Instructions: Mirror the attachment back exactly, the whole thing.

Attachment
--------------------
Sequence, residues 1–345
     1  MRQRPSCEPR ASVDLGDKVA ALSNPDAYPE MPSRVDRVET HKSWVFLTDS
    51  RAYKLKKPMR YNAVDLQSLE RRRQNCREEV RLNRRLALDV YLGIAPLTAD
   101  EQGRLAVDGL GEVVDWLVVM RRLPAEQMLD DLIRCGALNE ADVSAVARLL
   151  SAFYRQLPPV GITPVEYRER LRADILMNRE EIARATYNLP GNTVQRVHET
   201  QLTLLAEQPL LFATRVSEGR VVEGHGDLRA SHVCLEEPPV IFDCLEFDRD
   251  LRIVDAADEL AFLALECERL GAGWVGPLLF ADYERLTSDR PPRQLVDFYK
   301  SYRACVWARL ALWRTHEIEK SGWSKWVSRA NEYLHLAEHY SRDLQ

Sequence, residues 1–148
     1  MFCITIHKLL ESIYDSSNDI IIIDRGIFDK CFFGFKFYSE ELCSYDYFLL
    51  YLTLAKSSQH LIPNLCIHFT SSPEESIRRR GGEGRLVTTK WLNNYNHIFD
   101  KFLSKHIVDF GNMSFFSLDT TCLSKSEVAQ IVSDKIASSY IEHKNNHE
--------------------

Sequence, residues 1–345
     1  MRQRPSCEPR ASVDLGDKVA ALSNPDAYPE MPSRVDRVET HKSWVFLTDS
    51  RAYKLKKPMR YNAVDLQSLE RRRQNCREEV RLNRRLALDV YLGIAPLTAD
   101  EQGRLAVDGL GEVVDWLVVM RRLPAEQMLD DLIRCGALNE ADVSAVARLL
   151  SAFYRQLPPV GITPVEYRER LRADILMNRE EIARATYNLP GNTVQRVHET
   201  QLTLLAEQPL LFATRVSEGR VVEGHGDLRA SHVCLEEPPV IFDCLEFDRD
   251  LRIVDAADEL AFLALECERL GAGWVGPLLF ADYERLTSDR PPRQLVDFYK
   301  SYRACVWARL ALWRTHEIEK SGWSKWVSRA NEYLHLAEHY SRDLQ

Sequence, residues 1–148
     1  MFCITIHKLL ESIYDSSNDI IIIDRGIFDK CFFGFKFYSE ELCSYDYFLL
    51  YLTLAKSSQH LIPNLCIHFT SSPEESIRRR GGEGRLVTTK WLNNYNHIFD
   101  KFLSKHIVDF GNMSFFSLDT TCLSKSEVAQ IVSDKIASSY IEHKNNHE